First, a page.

The second book, Rollback by Robert J. Sawyer, evoked annoyance — specifically over the actions of a character I liked. One of the reasons I liked the character was because of the awesome relationship he had with his wife. At one point, he puts that relationship in jeopardy. I became so annoyed at this fictional character that I had to put the book down and walk away.
I read The Plague Dogs when I was twelve or so, having devoured Watership Down, and I sobbed all the way through it. Actually, this is an understatement, I felt physically sick and traumatised, and I didn’t buy the happy ending for a second (I suspect this was tacked on by the publishers to stop readers slitting their wrists). The novel opens as Rowf, a gentle black Labrador, who’s a subject in an animal testing facility, is being repeatedly dunked in a filthy water tank. Later, he and his friend, a terrier whose brain has been damaged after extensive experimentation, manage to escape the facility and go on the run. They encounter a non-stop horror show of human cruelty, and are helped by The Tod, a wonderfully cocky fox, who later dies – off page, which is somehow worse – at the hands of a bunch of bloody-thirsty fox hunters.
I suspect that a lot of the nuances in the novel went right over my head at the time. I wasn’t worldly enough to pick up on the black humour (for example, the testing facility’s acronym is A.R.S.E), and apparently Adams was at pains to show both sides of the animal testing argument by including a scene with a dying child, but I will never read it again, or see the (apparently excellent) animated film adaptation. I’m not brave enough. This may sound melodramatic, but the novel sparked off a lifelong interest in animal rights’ activism and a decade of veganism (which was a nightmare in early eighties’ Britain, especially as meat was my family’s main food group). As far as I’m concerned the novel did its job: It’s partly responsible for why my house is now bursting at the seams with rescue animals.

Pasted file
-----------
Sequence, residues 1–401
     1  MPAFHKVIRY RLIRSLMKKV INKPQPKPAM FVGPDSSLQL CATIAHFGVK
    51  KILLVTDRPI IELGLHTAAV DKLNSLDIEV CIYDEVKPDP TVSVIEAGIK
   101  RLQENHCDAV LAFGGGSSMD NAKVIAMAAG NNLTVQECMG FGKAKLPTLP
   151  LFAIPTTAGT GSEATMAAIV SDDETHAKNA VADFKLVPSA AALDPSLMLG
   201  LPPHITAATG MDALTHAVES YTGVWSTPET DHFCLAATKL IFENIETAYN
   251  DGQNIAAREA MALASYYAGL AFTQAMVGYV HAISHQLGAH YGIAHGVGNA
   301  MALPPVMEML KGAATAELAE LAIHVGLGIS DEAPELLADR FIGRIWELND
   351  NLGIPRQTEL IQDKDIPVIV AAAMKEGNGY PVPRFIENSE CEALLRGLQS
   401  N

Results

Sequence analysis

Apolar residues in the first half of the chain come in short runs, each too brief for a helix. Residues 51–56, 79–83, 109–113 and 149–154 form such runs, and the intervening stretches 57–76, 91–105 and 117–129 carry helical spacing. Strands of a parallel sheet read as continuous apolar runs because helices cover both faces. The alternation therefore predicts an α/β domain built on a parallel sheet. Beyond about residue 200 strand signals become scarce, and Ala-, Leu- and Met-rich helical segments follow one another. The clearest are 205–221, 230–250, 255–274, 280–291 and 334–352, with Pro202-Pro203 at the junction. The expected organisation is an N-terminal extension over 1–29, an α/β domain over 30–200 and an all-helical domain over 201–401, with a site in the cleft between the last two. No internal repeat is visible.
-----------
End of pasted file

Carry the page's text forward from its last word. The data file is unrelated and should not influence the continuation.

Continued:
So when I think of the most important books in my life, most of them were read when I was young: The Phantom Toll Booth; The Last of the Really Great Whangdoodles; any comic featuring Captain America. In high school it was Sturgeon’s More than Human, the short stories of Harlan Ellison (every one I could get my hands on), and Zelazny’s Lord of Light. Later still, I would stumble across Philip K. Dick’s Time Out of Joint and Valis, and those would blow… my… mind.
I also read lots and lots of crap.
(There’s probably another essay to be written here about how the mind wants what it wants, and how much of the time it’s not the most nutritional material, so that despite the best efforts of teachers and parents we often find the most satisfying stuff by foraging through bookshelves on our own and stealing from other kids’ plates. Can we do a Mind Meld about the most influential terrible books? But I digress.)
As I got older, the books that affected me were more likely to be non-fiction. Starting about fifteen years ago, I’ve had my mind rearranged on a regular basis by books by neuroscientists and philosophers—folks like Antonio Damasio, Daniel Dennett, Oliver Sacks, and Daniel Wegner. The books tackled the illusion of the self, moral reasoning, free will, the possible neurological basis of religious experience… in short, a host of questions that would not only make me think differently about my life, but also form the basis of many of my short stories and my latest novel.
Looking through my shelves, I couldn’t decide which of the books by these men was the tipping point, the single one that made the most difference. But if forced to pick (and that’s what this Mind Meld is about), I’d go with V.S. Ramachandran’s Phantoms in the Brain: Probing the Mysteries of the Human Mind, coauthored with Sandra Blakeslee.
Ramachandran is a neurologist, and Phantoms is a kind of detective’s casebook, with patients seeking solutions to some strange problems. Ramachandran often does some very low-tech experiments to find out what’s going on, then offers (sometimes) some very clever solutions.
For example, one man with an amputated arm felt like his phantom fist was constantly clenched, causing him intense pain. Ramachandran created a mirror box to allow the man to “control” the phantom hand and unclench it, relieving his pain. The cure for a delusion turned out to be deluding the brain.
Some of Ramachandran’s patients are afflicted with blindsight, others are feeling religious ecstasy from temporal lobe epilepsy, but all are experiencing delusions of various types. These delusions are like windows into the brain; by understanding what’s going wrong, we can figure out what the brain is really doing when it’s functioning normally.
If there’s one lesson from this book, and from the others on my neurophilosophy shelf, it’s that the brain is deceiving us all the time—but if we know how it’s deceiving us, we can take corrective steps when the illusions don’t serve us.